MORE than one in five children in Reading are finishing primary school obese, new figures reveal.
The Royal College of GPs said access to healthy food “should be a right and not a privilege,” as a study found children in the most deprived areas of England are more than twice as likely to be obese than those in the least deprived.
NHS Digital figures show 21.9 per cent of Year 6 pupils in Reading in 2019-20 were obese, of which 5 per cent were severely obese, with a body mass index (BMI) in the top 0.4 per cent for a child’s age and sex.
Additionally, 14.9 per cent of children were overweight.
That means 36.7 per cent of Reading’s youngsters are unhealthily overweight when they finish primary school.
The data comes from the Government’s annual National Child Measurement Programme – part of its approach to tackling obesity – which records the height and weight of Year 6 and reception-age children in state-maintained schools across England to monitor obesity trends.
It revealed that 27.5 per cent of 10 and 11-year-old children living in the most deprived areas of England were obese compared to 11.9 per cen of those living in the least deprived areas.
Among reception-age children, 13.3 per cent in the most deprived areas were obese compared to 6 per cent in the least deprived.
Professor Rachel Batterham, special adviser on obesity for the Royal College of GPs, said the impact of deprivation on childhood obesity rates nationally is “alarming”.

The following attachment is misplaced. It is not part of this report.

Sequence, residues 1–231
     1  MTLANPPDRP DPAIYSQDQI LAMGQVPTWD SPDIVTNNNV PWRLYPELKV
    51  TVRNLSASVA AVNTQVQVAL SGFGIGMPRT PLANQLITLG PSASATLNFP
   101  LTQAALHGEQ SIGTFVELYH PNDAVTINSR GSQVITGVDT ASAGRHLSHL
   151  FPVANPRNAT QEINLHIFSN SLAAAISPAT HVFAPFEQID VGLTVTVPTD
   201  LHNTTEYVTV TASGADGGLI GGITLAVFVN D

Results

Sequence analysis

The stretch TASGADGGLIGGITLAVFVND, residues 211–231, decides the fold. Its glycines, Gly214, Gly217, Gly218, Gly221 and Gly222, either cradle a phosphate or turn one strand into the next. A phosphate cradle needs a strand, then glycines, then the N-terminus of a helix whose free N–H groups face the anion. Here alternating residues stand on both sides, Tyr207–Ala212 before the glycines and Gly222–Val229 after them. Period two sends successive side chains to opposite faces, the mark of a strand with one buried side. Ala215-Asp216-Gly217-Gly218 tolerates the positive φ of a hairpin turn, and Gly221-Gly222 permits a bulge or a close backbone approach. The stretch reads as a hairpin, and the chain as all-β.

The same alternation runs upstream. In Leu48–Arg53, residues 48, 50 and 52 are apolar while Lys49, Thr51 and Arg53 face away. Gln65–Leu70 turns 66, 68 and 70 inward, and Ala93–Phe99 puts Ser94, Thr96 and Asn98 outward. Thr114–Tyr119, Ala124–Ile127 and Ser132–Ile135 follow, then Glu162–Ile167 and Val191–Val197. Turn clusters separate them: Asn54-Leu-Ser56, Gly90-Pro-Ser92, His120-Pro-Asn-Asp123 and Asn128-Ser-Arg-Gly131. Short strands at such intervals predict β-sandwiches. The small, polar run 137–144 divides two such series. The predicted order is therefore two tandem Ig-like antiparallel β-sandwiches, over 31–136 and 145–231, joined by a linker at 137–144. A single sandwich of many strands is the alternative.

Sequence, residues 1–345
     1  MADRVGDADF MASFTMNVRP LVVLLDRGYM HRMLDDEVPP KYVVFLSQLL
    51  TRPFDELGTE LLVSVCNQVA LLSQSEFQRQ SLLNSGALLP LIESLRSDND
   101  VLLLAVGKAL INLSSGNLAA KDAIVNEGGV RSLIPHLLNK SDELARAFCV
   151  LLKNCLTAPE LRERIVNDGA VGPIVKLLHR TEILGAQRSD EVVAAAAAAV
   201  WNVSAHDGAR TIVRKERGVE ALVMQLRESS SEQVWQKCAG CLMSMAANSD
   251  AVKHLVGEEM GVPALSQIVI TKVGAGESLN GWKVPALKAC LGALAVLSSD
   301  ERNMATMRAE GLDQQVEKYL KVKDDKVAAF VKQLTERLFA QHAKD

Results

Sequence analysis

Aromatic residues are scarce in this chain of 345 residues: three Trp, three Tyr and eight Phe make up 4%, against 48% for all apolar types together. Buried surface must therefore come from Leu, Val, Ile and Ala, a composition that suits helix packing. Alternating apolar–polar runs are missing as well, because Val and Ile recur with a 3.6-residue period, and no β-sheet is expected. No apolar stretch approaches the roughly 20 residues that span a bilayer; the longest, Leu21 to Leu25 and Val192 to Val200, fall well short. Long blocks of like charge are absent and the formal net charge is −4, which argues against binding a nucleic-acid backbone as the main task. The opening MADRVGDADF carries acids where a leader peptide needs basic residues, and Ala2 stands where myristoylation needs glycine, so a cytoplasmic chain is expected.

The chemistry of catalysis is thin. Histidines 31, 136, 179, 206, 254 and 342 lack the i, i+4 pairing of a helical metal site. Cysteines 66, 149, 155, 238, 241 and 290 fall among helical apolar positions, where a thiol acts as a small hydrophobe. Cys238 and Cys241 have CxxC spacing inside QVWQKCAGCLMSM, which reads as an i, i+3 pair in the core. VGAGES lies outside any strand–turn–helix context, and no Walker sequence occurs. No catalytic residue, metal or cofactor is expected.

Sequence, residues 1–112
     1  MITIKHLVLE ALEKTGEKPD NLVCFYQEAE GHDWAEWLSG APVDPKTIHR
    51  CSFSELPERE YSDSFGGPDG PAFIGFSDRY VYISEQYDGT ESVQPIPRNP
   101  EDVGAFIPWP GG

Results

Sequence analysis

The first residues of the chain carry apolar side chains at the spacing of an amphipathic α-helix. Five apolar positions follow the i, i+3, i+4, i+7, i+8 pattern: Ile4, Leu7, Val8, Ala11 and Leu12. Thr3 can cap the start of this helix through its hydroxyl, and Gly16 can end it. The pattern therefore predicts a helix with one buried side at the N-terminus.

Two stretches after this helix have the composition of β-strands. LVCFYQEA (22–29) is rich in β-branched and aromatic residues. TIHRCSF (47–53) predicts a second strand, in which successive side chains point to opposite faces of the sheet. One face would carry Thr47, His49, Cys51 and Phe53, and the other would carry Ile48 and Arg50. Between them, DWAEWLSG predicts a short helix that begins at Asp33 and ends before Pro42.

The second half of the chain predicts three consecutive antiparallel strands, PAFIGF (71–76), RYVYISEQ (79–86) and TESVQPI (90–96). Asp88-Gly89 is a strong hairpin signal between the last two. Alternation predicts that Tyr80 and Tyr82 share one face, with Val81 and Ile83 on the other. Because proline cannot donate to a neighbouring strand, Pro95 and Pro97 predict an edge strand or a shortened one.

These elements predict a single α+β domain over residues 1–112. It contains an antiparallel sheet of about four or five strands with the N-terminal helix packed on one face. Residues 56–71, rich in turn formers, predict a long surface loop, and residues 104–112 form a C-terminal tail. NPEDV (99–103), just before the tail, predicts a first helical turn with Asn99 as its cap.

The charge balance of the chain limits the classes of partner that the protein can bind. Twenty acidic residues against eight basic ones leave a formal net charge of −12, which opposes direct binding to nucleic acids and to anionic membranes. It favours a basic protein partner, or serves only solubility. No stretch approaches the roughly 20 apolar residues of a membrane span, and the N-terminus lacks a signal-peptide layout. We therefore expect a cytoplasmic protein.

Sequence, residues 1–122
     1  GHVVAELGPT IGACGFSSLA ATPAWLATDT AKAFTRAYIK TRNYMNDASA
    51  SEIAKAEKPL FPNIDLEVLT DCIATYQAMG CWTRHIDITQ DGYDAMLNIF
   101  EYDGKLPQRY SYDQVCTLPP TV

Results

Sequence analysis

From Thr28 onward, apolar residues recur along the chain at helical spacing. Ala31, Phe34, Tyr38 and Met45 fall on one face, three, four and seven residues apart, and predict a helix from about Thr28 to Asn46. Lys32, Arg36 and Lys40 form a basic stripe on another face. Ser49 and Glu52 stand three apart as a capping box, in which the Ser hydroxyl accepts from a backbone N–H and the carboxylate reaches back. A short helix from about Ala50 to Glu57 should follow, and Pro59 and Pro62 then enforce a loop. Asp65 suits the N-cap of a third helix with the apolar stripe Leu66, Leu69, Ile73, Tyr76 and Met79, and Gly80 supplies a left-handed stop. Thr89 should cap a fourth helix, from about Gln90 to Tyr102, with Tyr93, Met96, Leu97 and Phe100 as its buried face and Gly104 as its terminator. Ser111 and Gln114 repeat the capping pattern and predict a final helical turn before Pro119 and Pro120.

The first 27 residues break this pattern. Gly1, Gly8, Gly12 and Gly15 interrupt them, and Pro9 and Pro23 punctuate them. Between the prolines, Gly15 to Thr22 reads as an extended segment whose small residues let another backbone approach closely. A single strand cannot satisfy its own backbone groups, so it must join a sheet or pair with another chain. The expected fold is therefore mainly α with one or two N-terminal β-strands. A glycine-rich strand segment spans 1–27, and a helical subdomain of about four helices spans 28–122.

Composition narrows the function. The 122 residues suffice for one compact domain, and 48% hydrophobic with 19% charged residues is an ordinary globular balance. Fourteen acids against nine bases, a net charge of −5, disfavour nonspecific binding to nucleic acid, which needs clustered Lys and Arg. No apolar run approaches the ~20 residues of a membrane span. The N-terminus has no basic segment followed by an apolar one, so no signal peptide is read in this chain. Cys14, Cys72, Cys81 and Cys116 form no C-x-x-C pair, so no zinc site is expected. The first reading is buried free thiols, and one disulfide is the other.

She said: “Access to healthy food should be a right and not a privilege.
“The gap in obesity prevalence between children from the most deprived and least deprived areas is stark and growing.
“It is clear that socio-economic factors such as under-employment or poverty play a key role in driving obesity and poor health, and that a whole-government approach is critical in order to reduce health inequalities and obesity rates.”
Across England, obesity prevalence among both reception and Year 6 pupils rose in 2019-20, to 9.9 per cent and 21 per cent respectively.
Caroline Cerny, alliance lead at Obesity Health Alliance, said: “These results are not good news for child health.
“In a year when public health has been propelled to the forefront of politics, we now need action on child health – not just words.
“Taking junk food out of the spotlight through restrictions on marketing and promotions – including the long overdue 9pm watershed on junk food adverts – should be the first step.
“The sooner action is taken, the sooner we can give all children the chance to grow up healthy.”